*numbers provided by thecanadianencyclopedia.com
Camp 33, Petawawa, Ontario and Ripples (Camp B 70) Fredericton, New Brunswick
The now infamous Camp Petawawa officially opened on September 23, 1939 and held 800 internees - the majority were German and Italian until the Japanese prisoners of war (POWs) arrived during the winter of 1941. Internees wore jackets with large red circles on their backs to be easily identifiable to the guards. Internees were allowed to send and receive mail, although it was heavily censored. Visits from family members were prohibited except in very rare cases. Camp 33 is featured in the only written account of life at Petawawa in Mario Duliani’s book City Without Women.
Many Italian Canadian internees from Petawawa were relocated to Camp Ripples near Fredericton, New Brunswick when the influx of Japanese Canadians began to populate Petawawa. Camp Ripples opened in 1940 until 1945 and was known for its harsh winter conditions.
There were several redress campaigns that emerged in the late 1980’s. One campaign began in 1988 by the (CIBPA) or Canadian Italian Business and Professional Men’s Association whose president was internee Antonio Capobianco of Montreal and another campaign was started by the (NCIC) or National Congress of Italian Canadians - National Executive in Toronto by lawyer Annamarie Castrilli and then President of the NCIC.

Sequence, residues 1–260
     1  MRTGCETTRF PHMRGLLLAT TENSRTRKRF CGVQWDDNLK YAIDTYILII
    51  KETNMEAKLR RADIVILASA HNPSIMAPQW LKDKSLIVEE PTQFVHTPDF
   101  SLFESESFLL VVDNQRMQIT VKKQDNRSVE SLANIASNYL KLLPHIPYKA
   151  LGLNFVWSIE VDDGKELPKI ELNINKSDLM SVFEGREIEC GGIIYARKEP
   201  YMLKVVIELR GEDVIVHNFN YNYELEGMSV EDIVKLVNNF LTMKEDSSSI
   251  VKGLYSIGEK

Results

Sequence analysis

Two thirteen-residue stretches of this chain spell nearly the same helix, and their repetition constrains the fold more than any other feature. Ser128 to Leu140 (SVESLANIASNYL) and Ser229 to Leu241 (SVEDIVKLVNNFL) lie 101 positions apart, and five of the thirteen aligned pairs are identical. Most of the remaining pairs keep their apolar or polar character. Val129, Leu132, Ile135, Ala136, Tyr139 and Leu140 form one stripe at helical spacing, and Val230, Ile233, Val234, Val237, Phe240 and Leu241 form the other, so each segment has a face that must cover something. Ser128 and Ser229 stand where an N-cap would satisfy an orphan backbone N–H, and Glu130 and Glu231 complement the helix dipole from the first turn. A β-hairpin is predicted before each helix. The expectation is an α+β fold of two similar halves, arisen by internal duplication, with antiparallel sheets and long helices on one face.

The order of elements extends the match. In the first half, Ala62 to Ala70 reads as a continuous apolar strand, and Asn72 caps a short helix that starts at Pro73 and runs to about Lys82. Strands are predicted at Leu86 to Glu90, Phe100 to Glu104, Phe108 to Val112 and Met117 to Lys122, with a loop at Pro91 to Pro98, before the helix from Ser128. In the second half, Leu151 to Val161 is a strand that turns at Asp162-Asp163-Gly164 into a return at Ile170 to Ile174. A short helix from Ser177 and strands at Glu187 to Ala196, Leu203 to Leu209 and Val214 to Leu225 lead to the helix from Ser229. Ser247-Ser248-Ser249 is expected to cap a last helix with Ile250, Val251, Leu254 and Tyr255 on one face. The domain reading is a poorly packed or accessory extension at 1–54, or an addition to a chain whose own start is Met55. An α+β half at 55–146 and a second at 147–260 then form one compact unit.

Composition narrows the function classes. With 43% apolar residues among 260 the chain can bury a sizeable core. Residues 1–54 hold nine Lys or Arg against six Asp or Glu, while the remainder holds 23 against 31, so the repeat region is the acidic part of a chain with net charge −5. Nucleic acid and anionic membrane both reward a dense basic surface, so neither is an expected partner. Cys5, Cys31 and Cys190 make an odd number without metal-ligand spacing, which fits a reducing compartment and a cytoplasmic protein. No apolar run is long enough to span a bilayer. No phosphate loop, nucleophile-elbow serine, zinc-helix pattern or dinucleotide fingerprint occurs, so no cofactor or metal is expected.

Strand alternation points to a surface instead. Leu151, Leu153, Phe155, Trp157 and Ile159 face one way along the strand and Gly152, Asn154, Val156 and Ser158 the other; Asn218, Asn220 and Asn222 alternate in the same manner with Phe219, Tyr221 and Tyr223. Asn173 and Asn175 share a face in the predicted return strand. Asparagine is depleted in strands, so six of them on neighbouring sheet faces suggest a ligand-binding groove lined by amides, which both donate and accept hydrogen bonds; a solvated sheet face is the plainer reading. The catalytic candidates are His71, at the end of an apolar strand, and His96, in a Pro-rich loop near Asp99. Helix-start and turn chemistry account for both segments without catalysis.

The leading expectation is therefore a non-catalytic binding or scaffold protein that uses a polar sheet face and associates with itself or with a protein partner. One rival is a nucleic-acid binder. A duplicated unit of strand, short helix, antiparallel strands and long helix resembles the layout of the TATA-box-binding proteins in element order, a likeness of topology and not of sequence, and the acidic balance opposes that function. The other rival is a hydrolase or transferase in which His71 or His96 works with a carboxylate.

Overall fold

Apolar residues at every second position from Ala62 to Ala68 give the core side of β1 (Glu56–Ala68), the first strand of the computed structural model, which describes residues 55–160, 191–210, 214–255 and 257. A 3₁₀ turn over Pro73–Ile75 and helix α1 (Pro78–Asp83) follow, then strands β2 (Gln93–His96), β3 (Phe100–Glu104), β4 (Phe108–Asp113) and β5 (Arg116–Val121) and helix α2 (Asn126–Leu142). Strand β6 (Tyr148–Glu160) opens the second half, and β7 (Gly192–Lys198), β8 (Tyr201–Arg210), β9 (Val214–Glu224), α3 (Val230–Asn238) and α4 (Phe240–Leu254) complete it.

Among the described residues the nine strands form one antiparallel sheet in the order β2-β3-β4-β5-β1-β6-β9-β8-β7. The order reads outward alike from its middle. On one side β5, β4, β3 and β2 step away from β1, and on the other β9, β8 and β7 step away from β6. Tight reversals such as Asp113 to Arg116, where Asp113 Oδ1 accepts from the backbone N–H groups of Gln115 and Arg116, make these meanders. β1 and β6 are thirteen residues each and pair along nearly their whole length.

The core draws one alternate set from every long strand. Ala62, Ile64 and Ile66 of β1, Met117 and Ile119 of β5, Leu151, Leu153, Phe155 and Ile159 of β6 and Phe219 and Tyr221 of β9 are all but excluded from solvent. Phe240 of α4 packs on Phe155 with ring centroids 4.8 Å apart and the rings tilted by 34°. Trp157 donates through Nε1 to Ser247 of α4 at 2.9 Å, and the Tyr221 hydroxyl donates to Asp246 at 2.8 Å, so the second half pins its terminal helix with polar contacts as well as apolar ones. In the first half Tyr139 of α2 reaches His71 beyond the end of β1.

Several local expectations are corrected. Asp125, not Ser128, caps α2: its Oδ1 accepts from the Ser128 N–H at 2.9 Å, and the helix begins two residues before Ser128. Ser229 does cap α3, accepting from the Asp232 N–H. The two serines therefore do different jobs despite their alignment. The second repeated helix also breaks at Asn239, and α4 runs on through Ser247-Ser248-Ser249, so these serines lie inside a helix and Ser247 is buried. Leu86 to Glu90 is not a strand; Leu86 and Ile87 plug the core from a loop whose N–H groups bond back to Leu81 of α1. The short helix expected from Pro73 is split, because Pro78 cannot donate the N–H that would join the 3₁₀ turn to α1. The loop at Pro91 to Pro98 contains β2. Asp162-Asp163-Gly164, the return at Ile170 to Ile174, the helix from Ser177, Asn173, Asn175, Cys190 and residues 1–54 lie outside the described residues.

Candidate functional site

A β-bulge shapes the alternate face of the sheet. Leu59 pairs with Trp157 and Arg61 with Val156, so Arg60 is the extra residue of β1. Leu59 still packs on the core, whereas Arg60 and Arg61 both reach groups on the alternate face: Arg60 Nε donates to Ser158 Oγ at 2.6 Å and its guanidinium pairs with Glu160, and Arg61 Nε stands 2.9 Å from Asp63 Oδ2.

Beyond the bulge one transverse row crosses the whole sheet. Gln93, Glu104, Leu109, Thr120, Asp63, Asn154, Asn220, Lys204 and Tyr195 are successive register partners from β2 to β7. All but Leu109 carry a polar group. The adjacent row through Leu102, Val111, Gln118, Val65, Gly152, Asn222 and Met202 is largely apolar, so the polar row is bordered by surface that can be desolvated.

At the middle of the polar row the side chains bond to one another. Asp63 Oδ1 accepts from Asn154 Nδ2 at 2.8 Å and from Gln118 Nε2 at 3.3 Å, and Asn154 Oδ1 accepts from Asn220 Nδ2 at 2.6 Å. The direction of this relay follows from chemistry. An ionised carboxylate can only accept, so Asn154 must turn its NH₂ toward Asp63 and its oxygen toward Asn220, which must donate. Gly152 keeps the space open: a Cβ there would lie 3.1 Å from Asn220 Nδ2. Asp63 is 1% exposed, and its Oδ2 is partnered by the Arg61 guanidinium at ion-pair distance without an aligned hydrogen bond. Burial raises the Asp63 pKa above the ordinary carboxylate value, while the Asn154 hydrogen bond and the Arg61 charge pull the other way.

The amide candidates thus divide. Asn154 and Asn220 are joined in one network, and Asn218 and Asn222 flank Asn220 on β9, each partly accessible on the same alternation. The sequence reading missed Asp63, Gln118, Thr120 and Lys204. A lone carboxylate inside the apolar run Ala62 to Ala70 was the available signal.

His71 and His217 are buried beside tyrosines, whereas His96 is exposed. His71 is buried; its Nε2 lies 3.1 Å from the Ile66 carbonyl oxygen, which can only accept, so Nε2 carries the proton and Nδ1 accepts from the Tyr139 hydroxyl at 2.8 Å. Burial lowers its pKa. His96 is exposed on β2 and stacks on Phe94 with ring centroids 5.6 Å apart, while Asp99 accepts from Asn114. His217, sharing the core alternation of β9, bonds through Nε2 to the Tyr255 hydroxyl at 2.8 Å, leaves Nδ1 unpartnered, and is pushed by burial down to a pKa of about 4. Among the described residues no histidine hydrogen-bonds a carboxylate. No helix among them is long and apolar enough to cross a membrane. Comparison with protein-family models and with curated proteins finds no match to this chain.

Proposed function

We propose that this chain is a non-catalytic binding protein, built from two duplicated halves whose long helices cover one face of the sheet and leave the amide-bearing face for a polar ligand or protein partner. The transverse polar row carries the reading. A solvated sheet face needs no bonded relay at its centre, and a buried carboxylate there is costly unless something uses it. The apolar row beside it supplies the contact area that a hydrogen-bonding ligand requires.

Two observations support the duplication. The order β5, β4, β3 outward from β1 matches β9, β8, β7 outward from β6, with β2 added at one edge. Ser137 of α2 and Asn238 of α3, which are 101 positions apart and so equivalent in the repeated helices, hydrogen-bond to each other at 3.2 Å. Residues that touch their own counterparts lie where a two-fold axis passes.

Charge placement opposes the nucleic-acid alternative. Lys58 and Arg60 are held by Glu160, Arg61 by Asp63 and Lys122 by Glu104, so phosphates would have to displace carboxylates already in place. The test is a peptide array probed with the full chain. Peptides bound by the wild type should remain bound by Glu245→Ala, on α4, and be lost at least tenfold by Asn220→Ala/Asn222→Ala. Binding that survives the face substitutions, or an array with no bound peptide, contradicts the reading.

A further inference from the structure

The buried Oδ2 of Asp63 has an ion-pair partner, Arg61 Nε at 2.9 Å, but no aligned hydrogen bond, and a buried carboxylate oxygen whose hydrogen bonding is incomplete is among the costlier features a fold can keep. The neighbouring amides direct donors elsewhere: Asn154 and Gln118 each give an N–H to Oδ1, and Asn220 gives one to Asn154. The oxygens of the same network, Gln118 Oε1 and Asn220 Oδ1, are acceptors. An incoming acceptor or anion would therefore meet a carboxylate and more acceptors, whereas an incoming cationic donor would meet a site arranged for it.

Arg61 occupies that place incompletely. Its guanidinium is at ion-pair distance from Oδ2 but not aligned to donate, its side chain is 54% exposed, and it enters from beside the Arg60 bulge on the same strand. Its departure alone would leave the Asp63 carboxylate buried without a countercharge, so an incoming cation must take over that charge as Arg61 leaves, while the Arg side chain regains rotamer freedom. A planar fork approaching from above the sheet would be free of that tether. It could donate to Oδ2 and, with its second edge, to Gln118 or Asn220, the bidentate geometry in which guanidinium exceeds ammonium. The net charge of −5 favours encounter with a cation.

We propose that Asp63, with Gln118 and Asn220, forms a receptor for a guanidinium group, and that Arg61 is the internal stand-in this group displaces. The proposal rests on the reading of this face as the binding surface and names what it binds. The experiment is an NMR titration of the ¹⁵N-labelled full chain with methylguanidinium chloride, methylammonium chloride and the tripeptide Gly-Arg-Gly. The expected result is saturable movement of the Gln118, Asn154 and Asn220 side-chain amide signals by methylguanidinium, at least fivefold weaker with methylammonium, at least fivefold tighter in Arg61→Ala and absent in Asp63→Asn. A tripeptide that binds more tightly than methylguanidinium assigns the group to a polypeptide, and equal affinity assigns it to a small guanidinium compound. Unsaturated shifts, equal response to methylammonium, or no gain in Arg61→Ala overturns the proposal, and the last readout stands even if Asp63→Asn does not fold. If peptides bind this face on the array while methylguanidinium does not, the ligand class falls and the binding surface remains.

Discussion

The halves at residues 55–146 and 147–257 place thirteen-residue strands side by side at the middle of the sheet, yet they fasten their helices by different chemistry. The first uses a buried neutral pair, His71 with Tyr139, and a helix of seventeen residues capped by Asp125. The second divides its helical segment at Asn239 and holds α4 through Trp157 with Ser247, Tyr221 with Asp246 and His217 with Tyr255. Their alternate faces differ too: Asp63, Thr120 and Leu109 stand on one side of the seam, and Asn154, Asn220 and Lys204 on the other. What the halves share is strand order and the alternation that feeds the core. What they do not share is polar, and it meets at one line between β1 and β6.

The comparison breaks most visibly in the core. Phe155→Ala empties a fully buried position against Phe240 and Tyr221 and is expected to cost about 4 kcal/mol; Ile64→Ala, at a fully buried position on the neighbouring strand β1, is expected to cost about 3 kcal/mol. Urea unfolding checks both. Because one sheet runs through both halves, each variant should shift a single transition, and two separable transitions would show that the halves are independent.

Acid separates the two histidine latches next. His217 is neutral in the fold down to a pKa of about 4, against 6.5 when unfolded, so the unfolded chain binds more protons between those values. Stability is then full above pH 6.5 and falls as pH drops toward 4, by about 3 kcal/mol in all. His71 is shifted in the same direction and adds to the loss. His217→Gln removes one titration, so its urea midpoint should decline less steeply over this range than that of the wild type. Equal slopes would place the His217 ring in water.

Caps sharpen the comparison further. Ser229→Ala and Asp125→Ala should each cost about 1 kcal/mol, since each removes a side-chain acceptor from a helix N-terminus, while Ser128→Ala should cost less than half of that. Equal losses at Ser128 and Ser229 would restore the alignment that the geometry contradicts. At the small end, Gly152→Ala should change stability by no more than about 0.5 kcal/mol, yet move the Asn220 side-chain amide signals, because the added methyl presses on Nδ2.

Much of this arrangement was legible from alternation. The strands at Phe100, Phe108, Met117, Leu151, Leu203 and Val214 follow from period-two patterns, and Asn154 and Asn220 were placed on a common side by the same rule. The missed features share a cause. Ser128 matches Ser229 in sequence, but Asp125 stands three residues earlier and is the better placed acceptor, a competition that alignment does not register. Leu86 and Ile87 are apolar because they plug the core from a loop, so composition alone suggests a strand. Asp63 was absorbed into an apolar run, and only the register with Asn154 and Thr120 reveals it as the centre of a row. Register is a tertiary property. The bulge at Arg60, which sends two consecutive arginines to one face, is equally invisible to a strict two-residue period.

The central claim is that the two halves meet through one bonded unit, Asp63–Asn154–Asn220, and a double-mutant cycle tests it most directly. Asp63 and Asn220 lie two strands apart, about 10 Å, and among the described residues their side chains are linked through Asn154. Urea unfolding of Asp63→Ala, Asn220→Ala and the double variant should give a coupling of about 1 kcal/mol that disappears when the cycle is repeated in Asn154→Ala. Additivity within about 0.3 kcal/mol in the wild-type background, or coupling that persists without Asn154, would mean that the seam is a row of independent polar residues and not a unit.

In 1990, then Prime Minister Brian Mulroney formerly apologized to the Italian Canadian community at an NCIC dinner in Toronto sparking controversy within the Italian Canadian community because it was an apology not issued in Parliament.
On April 28, 2010 -- Bill C302 the Italian-Canadian Recognition and Restitution Act introduced by Massimo Pacetti Liberal MP for Saint-Leonard – Saint Michel was passed in the House of Commons and awaits passage in the Senate. The Bill once again requests a formal apology from the Canadian Federal Government to Italian Canadians for their ‘enemy alien’ designation during WW2 and revives the idea of restitution.
Excerpts from Prime Minister Brian Mulroney’s speech November 4, 1990 National Congress of Italian Canadians event.
Courtesy credit: Canada Office of the Prime Minister 1990
“What happened to many Italian Canadians is deeply offensive to the simple notion of respect for human dignity and the presumption of innocence. The brutal injustice was inflicted arbitrarily, not only on individuals suspected of being security risks but also on individuals whose only crime was being of Italian origin. In fact, many of the arrests were based on membership in Italian-Canadian organizations — much like the ones represented here today. None of the 700 internees was ever charged with an offence and no judicial proceedings were launched. It was often, in the simplest terms, an act of prejudice — organized and carried out under law, but prejudice nevertheless.
This kind of behaviour was not then, is not now, and never will be acceptable in a civilized nation that purports to respect the rule of law. On behalf of the government and people of Canada, I offer a full and unqualified apology for the wrongs done to our fellow Canadians of Italian origin during World War II.”